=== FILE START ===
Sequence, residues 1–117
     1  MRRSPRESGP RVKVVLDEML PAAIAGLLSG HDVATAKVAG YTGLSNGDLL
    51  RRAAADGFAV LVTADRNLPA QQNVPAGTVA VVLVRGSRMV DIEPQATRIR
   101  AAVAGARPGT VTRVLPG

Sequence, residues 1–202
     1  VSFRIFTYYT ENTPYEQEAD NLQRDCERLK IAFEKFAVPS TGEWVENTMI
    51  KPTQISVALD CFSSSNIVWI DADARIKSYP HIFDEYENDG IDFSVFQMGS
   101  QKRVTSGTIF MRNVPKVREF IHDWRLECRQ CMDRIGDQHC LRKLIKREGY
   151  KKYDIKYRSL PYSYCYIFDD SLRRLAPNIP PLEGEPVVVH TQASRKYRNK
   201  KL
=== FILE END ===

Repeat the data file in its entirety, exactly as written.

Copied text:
Sequence, residues 1–117
     1  MRRSPRESGP RVKVVLDEML PAAIAGLLSG HDVATAKVAG YTGLSNGDLL
    51  RRAAADGFAV LVTADRNLPA QQNVPAGTVA VVLVRGSRMV DIEPQATRIR
   101  AAVAGARPGT VTRVLPG

Sequence, residues 1–202
     1  VSFRIFTYYT ENTPYEQEAD NLQRDCERLK IAFEKFAVPS TGEWVENTMI
    51  KPTQISVALD CFSSSNIVWI DADARIKSYP HIFDEYENDG IDFSVFQMGS
   101  QKRVTSGTIF MRNVPKVREF IHDWRLECRQ CMDRIGDQHC LRKLIKREGY
   151  KKYDIKYRSL PYSYCYIFDD SLRRLAPNIP PLEGEPVVVH TQASRKYRNK
   201  KL